Pass on Passion

Family  Feuds

Families are often microcosms of the general population. Any family gathering I attend shares the same spectrum of political and religious views that any poll seeks to quantify. My family also has an unusually high number of educators in it ranging from classroom teachers …to professors…to consultants. So when someone who is not an educator brings up the topic of “what’s wrong with our schools” the “discussions” are always interesting and often heated by the passion of belief. Too often though the results are confirmation of everyone’s personal beliefs and a deepening of the divide that threatens to shatter our schools and our nation.  Such was the climate of a recent family gathering.

Now I am a strong advocate of following one’s passions. Such passion is the energy that fuels my 36 years in the classroom. However when that passion stops fueling positive results and is instead used to build filters so we process only those ideas that fit our own paradigm passion becomes an accelerator for destruction rather than the a fuel for growth.

The fundamentalist who shuts out or hates the person who calls God by a different name is one example. Whether that person is the Egyptian Muslim being interviewed by Christiane Amanpour or a fundamentalist Christian protesting a burial, the message is the same. I unconditionally can not hear you because your ideas do not meet my passion filter. When this happens respect vanishes and without respect no growth can occur. Stalemate or destruction are the only options available.

The same is true lately of discussions about education. So too will be the results. The casualties will be our children. As a person who believes in the power of positive passion I have been recently contemplating and reevaluating my own personal perspectives. I have considered steps I can take to ensure that I at least do not add more accelerator to the bonfire of public discussion on the state of our schools. I know that I can only change certain things, but that even a pebble can have a widening effect.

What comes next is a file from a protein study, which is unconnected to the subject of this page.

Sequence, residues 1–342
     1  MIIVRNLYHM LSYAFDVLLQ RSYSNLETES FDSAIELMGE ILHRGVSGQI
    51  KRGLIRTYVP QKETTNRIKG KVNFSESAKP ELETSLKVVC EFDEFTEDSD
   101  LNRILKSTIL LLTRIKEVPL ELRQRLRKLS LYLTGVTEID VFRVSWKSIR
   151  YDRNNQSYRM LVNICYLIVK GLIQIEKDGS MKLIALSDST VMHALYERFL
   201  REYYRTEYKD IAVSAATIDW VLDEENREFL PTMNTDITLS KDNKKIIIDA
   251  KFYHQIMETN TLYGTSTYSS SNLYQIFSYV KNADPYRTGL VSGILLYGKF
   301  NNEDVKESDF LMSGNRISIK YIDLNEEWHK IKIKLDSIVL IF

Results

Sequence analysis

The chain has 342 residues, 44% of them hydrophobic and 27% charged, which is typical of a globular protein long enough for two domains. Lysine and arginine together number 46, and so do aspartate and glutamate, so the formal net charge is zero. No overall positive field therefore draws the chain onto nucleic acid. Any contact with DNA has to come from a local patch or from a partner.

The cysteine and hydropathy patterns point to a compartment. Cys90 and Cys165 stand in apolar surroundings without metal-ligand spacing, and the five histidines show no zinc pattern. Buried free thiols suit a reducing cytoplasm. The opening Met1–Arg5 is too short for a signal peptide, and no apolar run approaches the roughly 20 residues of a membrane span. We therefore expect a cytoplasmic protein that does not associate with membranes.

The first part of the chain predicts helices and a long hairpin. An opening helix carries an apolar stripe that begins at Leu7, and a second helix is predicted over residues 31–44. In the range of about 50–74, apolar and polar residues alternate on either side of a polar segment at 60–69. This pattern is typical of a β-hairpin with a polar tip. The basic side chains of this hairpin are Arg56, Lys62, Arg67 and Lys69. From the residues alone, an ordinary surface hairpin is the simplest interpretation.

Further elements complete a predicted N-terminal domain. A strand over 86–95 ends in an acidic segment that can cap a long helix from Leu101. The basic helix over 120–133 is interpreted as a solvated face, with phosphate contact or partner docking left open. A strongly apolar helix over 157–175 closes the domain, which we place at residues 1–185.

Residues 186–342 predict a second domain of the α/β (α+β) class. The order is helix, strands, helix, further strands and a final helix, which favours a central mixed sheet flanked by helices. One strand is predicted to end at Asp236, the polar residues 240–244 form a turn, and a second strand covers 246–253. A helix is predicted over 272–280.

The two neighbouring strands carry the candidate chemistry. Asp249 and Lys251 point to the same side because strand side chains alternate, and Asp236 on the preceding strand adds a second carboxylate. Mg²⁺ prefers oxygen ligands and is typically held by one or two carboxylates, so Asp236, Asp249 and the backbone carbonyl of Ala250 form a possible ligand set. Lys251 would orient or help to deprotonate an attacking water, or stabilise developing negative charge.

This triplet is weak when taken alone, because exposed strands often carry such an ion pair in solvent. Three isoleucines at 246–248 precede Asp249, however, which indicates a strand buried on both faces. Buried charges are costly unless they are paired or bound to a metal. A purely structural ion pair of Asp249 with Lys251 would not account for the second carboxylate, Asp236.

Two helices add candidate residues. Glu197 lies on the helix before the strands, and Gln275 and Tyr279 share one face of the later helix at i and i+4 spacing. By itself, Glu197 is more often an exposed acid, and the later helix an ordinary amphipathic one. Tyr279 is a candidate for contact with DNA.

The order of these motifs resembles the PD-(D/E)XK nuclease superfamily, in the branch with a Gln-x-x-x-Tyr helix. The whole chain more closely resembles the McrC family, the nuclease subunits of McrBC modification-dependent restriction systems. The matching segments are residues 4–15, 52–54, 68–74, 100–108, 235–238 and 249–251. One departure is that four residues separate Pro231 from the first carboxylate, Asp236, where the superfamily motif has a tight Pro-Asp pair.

Here are some of my thoughts as of now…what are yours?

  1. There are poor and excellent schools in all systems from public to private to charter to home schools.
  2. There is room for improvement in all systems of education.
  3. There are effective and ineffective educators in all these systems.
  4. The beauty of educating everyone through high school is also our greatest challenge.
  5. Unions vs school districts …we need to lessen the vs.
  6. If we as educators want to be considered professionals, what are our responsibilities?
  7. Data is needed, but is only a piece of the puzzle.
  8. We must stop using data bites to fuel the debate on education…whether that is a case of inappropriate instruction or an improper use of a test.
  9.  Listen as Socrates would and question to learn, not to defend.
  10. Be open to acknowledging a viewpoint that differs from yours. There may be more than one road to excellence.
  11. If it doesn’t benefit the students it doesn’t belong in education.
  12. Get used to change…it is an affirmation of life.

I am not quite sure where my ruminations will end up, but I know that I do not want to have my passion for learning transformed into a fuel that will in the end destroy that about which I am passionate.

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